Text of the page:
HAVANA, May 5th You may have never imagined a mambo version of Janelle Monae’s “Tightrope,” or Ben E. King singing “Stand By Me” as a cha-cha-cha. But producers Frank and Christian Berman did.
The tracks are included on the new album Americuba, which the Berman brothers recorded with a band of Buena Vista veterans and other Cuban musicians who they’ve collectively dubbed the Havana Maestros. Master laud player Barbarito Torres, pianists Emilio Vega and Harold Lopez Nussa, and timbalero Amadito Valdes are included among the esteemed personnel. The album features 42 musicians in all.
In addition to the King and Janelle Monáe hits, Americuba Cubanizes Chic’s “Good Times,” Missy Elliot’s “Get Your Freak Out,” and Otis Redding’s “(Sittin On) The Dock of the Bay,” among other songs. Thanks to the caliber and sonoric classiness of the musicians, and the quality of the production, Americuba transcends the potential cheesiness of its concept, although its appeal may be inseparable from its novelty.
The album was made at Havana’s Estudios Abdala, where the producers delighted in the collection of vintage microphones and the large room for live recording. “The Cuban musicians were very excited about interpreting the American song catalogue in a Cuban way,” says Berman, adding that each had a particular favorite among the chosen songs. “They only wanted to do it if we could make it better or give it a new identity.”
This was not the first Cuban experience for the Bermans. The duo previously produced Rhythms del Mundo: Cuba, a 2008 album that featured songs by Coldplay, Maroon 5 and U2 spiced up with Cuban beats. While that album had more of a loungy vibe, the old-school sound of Americuba will resonate with Buena Vista fans, as will the video for “Stand By Me.”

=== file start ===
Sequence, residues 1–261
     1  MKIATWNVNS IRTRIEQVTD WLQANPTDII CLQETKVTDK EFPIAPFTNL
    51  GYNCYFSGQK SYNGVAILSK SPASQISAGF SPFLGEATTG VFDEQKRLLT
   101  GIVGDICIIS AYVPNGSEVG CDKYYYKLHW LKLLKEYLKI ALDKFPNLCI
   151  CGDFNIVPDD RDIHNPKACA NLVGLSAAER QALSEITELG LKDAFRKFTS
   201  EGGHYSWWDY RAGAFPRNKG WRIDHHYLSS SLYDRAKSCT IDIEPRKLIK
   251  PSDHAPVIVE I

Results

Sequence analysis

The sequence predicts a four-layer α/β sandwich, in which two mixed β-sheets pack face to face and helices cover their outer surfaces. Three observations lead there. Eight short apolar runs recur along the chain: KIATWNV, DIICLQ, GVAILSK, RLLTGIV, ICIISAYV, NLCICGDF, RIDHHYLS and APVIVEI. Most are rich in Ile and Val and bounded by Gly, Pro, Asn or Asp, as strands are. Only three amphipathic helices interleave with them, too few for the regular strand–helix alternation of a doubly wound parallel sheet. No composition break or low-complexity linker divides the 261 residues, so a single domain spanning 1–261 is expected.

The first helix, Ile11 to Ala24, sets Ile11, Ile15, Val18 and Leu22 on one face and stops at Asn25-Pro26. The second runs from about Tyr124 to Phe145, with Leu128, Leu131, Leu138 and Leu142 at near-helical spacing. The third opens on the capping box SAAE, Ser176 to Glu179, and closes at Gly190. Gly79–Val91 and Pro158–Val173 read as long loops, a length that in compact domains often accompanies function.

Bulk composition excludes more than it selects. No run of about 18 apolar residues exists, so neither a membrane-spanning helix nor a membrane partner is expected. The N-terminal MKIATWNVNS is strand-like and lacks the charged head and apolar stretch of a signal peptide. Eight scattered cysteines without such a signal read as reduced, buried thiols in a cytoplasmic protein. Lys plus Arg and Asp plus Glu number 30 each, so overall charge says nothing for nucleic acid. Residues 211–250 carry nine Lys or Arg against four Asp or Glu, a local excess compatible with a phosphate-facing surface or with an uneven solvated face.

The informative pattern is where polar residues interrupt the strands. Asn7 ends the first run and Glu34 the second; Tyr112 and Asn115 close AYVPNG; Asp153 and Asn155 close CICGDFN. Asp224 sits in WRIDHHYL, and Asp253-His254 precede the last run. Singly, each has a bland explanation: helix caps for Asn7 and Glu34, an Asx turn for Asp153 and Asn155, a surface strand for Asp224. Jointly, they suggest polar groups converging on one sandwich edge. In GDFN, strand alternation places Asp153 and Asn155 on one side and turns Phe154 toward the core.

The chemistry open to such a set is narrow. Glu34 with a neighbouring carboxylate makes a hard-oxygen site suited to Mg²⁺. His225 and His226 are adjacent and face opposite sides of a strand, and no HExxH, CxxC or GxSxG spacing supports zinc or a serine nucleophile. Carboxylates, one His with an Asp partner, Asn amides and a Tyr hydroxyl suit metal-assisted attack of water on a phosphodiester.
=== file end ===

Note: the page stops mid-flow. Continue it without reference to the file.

“We really went for the classic sound of the 40s, 50s and 60s,” Berman says. “It’s so unique and so timeless.” He adds that the new wave of young American tourists in Havana influenced the decision to feature more recent songs along with the American classic hits.
Several songs sung by Cuban artists in Spanish are also included on the album. The closing track, “Mi Manera” (“My Way”), is performed by Anais Abreu, who should be better known outside of Cuba. She sings the song as a gutsy filin ballad that begs to be accompanied by the sound of ice tinkling in a cocktail glass.
It’s a gorgeous rendition that turns the tables on the album’s basic concept of appropriating original English-language vocals for the Cuban-sounding tracks. But this and other Spanish songs on the album feel incongruous here, and may make Cuban music fans wish the Bermans had chosen to record a separate Spanish-language album of this quality.
Maybe they will.